Re: I don't get it

 Old Wolf <>
Mon, 18 Jun 2007 14:30:27 -0700
On Jun 19, 7:20 am, Jo <> wrote:

If C is derived from A & B, then a C object IS an A and IS a B. At the
same time.

Yes, but an A is not a B. The two are unrelated
except in that they are both part of a C. If
you are pointing to an A, then the only way you
are going to be able to point to a related B is
if you know you are actually pointing to an A
sub-object of a C. Which is why this doesn't work
if you are using a pointer to void, which contains
no type information.

// quick recap: class C is derived from both class A and B

A *ap;
B *bp;
C c,*cp;


This is a reinterpret-cast, because A and B are unrelated
types (see above). The pointer 'ap' has lost the information
that it is actually pointing to an A that's a subobject
of a C.

or the last line being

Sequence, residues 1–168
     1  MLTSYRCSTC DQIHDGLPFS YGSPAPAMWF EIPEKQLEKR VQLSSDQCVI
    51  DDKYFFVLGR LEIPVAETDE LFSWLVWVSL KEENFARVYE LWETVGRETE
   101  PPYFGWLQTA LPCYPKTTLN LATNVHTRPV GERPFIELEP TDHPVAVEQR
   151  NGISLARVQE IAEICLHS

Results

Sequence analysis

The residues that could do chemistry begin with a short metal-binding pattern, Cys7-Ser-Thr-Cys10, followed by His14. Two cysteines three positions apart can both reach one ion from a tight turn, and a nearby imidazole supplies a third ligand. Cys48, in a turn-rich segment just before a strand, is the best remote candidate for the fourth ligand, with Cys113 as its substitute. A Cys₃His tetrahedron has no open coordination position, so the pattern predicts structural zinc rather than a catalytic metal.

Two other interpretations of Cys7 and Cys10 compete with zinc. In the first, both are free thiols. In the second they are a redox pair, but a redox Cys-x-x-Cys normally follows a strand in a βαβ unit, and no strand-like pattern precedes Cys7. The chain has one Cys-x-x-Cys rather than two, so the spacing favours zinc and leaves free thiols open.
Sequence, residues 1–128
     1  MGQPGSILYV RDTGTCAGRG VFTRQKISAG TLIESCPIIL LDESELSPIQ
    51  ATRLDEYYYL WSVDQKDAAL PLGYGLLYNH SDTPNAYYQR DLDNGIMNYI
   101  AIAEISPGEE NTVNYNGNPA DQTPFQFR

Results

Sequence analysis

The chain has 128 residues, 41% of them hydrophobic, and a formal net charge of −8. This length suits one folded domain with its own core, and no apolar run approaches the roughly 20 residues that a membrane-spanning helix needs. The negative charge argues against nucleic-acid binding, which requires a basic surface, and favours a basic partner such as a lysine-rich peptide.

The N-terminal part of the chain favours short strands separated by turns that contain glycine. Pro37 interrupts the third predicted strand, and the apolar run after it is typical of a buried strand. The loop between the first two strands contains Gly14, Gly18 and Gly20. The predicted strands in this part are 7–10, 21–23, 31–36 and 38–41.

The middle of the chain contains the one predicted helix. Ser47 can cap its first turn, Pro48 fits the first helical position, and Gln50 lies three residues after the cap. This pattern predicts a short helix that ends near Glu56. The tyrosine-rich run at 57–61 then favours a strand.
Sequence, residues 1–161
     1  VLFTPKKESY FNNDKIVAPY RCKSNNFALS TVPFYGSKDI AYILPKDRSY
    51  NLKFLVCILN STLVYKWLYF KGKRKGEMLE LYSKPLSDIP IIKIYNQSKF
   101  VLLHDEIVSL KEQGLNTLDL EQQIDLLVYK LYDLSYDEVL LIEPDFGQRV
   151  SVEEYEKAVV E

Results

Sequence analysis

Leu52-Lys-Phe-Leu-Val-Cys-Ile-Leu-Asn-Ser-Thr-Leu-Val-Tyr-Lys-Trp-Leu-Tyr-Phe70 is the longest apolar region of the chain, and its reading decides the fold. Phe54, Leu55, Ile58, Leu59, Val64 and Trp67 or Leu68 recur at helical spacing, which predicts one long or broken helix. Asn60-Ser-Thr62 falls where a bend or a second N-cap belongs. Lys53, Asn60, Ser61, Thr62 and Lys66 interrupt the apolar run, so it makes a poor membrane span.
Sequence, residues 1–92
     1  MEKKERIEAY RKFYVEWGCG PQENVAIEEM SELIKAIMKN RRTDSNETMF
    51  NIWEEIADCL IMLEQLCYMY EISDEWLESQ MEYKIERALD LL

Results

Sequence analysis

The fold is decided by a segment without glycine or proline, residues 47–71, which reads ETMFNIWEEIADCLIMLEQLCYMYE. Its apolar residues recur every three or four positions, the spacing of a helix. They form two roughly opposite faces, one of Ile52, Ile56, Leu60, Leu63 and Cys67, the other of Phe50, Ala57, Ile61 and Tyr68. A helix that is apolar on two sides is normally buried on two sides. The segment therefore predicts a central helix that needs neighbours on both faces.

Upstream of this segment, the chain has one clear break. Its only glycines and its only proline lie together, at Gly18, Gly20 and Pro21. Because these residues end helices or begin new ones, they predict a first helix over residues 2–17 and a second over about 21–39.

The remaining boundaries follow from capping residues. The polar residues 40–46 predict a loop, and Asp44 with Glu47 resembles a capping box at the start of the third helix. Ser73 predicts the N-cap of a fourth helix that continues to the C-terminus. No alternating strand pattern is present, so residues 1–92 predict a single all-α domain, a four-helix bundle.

Should be a compliation error for the above reason.

You can perform the conversion successfully:
  bp = dynamic_cast<B *>(ap);

which tells the compiler to find the biggest object
that *ap is a sub-object of, and then try to find a
B object within that object. This is sometimes
called cross-casting.

Note, I'm not entirely sure about this, but I think
this only works if A and B are both polymorphic
classes, that is, they both contain at least one
virtual function (which will usually be the virtual
destructor). You might just get a null pointer if
this requirement is not met.

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